A single line which sums up the two patients (and the speaker?). The word is 'victorious' which implies that they have not failed totally. It's just that they haven't progressed as whole humans, they've ossified - stagnated, got stuck - not moved on perhaps due to stress, genetics, unforeseen circumstances.
Analysis of Waking In The Blue - Stanzas 5 and 6
This is a summary of the typical day for these guys. They're watched all the time by attendants with short hair, young men who could perhaps be a bit more less sensible. But they're Roman Catholics, too serious about their work, unlike the Mayflower screwballs (protestants), who are not?
The speaker wraps things up with a hearty breakfast which pushes his weight up to 200 pounds. Wow. He's feeling cocky (in contrast to the seal and the whale who are merely ramrod and roly-poly) so he goes walking off for a shave.
As he looks in the mirror he sees the other patients set against his own image, perhaps he gets the idea that he'll soon look like them even though he distances himself by saying they're twice his age, half his weight. Really?
But his conclusion is stark. They all seem old to the speaker now and they each live on a sharp edge which is a precarious existence because, in their unpredictable and fragile world, the damage could be fatal. The 'locked razor' is a metaphor for potential loss of blood and loss of life; the dangers so readily close.
Waking In The Blue - Theme
Waking In The Blue is a poem of the moment as seen through the reflective eyes of a speaker in hospital being treated for mental illness.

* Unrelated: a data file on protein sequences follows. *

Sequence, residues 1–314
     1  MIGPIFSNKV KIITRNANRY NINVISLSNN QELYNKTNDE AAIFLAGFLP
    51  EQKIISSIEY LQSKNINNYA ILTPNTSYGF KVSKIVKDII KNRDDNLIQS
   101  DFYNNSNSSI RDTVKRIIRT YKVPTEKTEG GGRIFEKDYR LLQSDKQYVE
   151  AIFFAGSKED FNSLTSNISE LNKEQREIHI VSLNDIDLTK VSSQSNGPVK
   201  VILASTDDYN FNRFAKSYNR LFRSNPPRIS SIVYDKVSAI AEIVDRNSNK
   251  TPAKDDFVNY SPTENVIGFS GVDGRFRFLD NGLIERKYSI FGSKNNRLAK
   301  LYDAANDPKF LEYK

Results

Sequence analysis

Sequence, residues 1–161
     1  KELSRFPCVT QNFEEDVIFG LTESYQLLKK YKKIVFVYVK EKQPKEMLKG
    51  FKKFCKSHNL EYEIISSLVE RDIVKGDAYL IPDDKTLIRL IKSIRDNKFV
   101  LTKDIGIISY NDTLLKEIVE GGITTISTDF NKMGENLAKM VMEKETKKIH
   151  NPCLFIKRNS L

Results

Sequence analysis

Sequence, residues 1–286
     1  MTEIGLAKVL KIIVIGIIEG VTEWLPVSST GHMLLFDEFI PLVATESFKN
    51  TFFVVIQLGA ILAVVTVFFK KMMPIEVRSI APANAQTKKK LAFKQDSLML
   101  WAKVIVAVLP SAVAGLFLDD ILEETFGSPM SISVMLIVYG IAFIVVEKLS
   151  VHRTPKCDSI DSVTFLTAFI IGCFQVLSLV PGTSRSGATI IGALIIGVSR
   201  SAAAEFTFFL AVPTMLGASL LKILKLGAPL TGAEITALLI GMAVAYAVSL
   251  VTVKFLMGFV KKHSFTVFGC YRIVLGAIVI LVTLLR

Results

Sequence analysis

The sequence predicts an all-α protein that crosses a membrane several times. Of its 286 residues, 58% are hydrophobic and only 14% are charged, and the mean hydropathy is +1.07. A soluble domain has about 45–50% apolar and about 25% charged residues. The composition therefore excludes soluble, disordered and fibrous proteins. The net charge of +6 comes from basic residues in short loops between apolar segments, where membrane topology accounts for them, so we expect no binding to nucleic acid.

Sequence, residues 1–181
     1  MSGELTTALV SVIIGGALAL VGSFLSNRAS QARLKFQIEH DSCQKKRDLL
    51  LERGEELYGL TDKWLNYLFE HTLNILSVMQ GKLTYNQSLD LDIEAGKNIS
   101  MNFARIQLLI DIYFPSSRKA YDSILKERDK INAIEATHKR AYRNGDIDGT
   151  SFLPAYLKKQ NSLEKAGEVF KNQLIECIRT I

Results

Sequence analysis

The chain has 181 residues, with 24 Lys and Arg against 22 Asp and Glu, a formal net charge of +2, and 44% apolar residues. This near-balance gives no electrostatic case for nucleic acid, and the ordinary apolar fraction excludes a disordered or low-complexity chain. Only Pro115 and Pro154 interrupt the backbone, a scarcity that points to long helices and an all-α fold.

- The main theme is that of personal well-being within an uncertain existential reality.
- Throughout the poem there is a tension briefly undermined by a comic approach, fateful reasoning and reflective flashbacks.
Lowell himself was diagnosed with bipolar disorder (schizophrenia in his day) and suffered from manic depression most of his adult life, so it is assumed that the speaker is the poet, but we mustn't forget that Lowell mixed fact with fiction in many of his confessional poems.
It's clear from the casual, conversational style and varied line lengths that Lowell chose to chop up what is essentially prose to make his poem. This he felt served his purpose better than strict metrical stanzas - he wanted to free himself up so he could capture the varied flow of thought and feelings.
And this comes out in the poem as the reader progresses through snapshots of the day in the McLean Hospital near Boston. The speaker observes, then reflects, then sums up a moment in a line before attempting a conclusion, putting his current life situation into perspective.
- There is a comic element, there is tragedy, there is the idea of stasis. Here are the patients and their portraits brought to vivid life, the two main characters being: Stanley and Bobbie, who are essentially stuck, 'ossified young' likened to a seal and a whale respectively.
- The speaker is compelled to contrast himself against these two, which induces tension and questioning. He seeks to use humor but queries the value of it. Where will it take him? Why the need to laugh when he's caught up in this surreal and disturbing environment?
100 Essential Modern Poems, Ivan Dee, Joseph Parisi, 2005
© 2019 Andrew Spacey